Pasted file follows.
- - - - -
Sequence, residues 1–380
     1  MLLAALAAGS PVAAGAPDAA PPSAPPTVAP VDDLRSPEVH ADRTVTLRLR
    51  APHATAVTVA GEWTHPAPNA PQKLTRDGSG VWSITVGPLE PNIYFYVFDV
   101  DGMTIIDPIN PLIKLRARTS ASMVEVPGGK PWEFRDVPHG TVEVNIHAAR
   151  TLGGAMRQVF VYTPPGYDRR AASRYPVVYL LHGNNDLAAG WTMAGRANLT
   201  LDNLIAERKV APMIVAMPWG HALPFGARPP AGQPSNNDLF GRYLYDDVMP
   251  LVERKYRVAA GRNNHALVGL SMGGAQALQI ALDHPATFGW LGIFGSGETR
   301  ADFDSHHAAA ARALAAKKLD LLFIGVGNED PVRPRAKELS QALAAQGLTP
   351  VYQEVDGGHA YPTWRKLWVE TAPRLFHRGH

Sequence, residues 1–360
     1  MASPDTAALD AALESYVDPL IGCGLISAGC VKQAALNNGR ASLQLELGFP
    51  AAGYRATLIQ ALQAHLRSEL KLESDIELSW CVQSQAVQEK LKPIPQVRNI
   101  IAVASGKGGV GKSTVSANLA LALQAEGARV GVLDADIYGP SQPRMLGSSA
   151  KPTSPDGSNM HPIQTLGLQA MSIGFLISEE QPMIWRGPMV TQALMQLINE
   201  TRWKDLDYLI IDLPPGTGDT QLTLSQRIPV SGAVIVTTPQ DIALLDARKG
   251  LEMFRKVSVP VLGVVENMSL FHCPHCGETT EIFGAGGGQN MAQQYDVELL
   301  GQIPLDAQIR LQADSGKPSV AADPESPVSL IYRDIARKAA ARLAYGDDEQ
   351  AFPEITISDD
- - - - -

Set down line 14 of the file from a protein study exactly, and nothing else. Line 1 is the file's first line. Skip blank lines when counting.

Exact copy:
   151  KPTSPDGSNM HPIQTLGLQA MSIGFLISEE QPMIWRGPMV TQALMQLINE